The Waters provision will also give Congress and the White House a new and powerful lever to influence the operation of the 12 regional Fed banks. Accusations of racial or gender indifference, much less outright bias, are politically deadly. With the threat of such an accusation in their holster, the Waters czars will have enormous clout to influence Fed governance and regulatory decisions, perhaps including monetary policy.

Fed regional presidents are often the main proponents of tight monetary policy. The presence of a diversity czar is one way Congress and the White House can intimidate these regional presidents to go along with the policies they favor. No Fed bank president will want to take the risk of being hauled before Congress to answer a report that the banks under his jurisdiction aren't racially or gender sensitive enough in their lending.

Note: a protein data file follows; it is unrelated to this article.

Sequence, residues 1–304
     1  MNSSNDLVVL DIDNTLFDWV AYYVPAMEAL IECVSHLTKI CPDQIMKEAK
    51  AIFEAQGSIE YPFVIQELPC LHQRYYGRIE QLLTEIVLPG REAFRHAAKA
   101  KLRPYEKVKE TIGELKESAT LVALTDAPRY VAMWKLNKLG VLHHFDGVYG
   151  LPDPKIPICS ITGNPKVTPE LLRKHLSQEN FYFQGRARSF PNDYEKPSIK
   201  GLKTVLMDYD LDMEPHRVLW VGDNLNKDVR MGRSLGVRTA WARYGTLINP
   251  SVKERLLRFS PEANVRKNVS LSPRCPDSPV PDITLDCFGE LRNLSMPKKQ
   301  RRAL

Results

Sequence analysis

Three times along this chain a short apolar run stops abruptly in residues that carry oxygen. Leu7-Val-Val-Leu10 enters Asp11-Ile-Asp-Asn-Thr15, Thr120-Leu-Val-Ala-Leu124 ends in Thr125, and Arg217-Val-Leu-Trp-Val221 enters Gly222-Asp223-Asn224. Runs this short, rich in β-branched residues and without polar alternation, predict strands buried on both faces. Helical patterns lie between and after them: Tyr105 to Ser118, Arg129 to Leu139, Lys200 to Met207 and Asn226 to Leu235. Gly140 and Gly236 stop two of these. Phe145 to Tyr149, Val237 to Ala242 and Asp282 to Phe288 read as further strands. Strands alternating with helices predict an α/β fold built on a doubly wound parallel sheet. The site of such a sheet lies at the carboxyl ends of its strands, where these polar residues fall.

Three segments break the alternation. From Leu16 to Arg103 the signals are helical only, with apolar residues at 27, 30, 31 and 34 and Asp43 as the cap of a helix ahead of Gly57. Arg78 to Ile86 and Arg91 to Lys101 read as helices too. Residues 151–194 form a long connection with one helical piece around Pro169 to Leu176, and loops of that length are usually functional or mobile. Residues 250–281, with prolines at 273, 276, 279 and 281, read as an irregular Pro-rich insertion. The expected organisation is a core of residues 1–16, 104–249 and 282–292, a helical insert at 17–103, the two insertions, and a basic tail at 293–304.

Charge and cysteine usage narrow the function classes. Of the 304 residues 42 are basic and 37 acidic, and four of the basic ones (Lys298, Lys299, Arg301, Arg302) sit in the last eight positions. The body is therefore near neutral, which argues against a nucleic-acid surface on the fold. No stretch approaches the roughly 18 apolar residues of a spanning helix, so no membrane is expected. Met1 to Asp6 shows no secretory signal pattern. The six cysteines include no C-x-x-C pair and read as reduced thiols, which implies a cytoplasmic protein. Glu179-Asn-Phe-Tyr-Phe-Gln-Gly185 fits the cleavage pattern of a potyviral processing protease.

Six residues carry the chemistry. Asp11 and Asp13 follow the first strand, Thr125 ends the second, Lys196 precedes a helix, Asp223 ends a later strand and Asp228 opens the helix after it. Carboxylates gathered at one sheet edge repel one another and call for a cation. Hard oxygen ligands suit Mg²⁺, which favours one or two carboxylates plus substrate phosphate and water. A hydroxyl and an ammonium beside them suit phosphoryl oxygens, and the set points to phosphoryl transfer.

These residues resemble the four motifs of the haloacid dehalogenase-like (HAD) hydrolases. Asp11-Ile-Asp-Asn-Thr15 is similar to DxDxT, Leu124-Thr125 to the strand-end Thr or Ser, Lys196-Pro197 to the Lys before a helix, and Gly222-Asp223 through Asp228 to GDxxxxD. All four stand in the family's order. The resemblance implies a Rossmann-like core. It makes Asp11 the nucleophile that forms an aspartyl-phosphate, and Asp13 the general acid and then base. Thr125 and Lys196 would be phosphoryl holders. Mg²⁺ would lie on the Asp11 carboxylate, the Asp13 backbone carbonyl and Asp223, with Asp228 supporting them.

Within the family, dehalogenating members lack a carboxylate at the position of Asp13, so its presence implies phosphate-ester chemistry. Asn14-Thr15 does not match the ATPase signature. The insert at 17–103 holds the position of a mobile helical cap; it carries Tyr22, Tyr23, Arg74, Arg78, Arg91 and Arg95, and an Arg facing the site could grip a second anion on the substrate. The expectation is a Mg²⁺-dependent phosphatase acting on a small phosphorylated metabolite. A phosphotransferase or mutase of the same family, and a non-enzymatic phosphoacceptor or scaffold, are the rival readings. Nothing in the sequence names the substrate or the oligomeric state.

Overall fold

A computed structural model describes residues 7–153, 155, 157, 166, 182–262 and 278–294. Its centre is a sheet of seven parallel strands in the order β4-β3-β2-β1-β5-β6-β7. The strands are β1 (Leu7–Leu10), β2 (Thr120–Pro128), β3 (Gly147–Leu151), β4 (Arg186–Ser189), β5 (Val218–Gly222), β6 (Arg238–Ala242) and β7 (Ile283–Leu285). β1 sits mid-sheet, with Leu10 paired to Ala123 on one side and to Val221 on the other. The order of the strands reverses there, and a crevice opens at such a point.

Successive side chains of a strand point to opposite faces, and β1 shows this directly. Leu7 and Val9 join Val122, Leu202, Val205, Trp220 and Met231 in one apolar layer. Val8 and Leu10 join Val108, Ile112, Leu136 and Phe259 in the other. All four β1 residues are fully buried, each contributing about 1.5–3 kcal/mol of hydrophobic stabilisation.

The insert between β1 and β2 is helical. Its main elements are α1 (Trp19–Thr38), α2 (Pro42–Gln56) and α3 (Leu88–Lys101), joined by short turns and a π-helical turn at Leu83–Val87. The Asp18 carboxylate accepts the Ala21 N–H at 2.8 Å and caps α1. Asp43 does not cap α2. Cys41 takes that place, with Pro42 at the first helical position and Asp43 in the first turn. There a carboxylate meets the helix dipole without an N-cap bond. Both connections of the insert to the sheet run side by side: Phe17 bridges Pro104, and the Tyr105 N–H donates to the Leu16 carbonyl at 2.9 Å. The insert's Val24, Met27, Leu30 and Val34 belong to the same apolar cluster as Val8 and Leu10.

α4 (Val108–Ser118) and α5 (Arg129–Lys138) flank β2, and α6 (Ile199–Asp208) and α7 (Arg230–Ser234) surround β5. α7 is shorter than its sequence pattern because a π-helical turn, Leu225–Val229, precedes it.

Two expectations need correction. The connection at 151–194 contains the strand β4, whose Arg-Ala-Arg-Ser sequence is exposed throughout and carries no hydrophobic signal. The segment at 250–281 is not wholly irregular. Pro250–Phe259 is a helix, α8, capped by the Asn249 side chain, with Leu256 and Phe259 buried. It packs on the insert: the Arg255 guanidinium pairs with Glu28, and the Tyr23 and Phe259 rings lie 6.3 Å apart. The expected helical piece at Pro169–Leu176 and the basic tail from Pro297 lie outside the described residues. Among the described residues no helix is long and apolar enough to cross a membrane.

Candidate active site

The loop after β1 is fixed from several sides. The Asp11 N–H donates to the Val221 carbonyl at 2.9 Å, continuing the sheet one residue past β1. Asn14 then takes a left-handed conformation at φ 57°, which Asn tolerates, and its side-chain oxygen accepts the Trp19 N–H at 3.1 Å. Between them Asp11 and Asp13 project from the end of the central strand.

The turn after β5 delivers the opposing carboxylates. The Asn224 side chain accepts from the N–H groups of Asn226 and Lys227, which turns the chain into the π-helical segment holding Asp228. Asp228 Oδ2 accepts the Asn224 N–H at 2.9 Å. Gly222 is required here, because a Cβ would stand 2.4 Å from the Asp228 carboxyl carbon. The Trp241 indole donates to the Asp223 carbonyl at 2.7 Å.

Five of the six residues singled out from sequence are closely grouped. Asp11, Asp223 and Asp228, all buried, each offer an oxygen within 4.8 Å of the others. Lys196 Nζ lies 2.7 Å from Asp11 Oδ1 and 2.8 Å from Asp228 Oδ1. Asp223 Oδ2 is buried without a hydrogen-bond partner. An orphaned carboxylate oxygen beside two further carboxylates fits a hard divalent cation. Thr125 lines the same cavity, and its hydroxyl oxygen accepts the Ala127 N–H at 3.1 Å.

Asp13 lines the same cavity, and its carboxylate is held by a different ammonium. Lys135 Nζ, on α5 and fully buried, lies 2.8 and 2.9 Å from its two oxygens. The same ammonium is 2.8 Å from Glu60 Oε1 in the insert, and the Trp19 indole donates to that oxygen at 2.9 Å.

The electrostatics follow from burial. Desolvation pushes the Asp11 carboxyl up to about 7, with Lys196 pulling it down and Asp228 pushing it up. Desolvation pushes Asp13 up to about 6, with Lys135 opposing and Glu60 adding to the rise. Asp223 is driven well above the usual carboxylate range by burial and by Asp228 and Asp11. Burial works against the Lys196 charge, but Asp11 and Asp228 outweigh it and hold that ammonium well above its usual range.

This political sway is already clear from how meekly the Fed as an institution is bowing to the Waters provision. The Senate bill doesn't have the same provision, so it could be removed in the House-Senate conference that begins this week. But we're told that Fed officials in Washington have told the regional banks to keep quiet because it can't be stopped and Ms. Waters and the House might punish them if they try. In other words, the political intimidation is already obvious even before the provision becomes law.

The public debate over Fed independence has focused on Congressional demands for an audit, but that's benign compared to the threat of political appointees sitting on the senior staff of the regional banks and Board of Governors. While masquerading as reform, the Waters and New York Fed provisions are the most brazen attempt to hijack central bank policy since its founding nearly a century ago.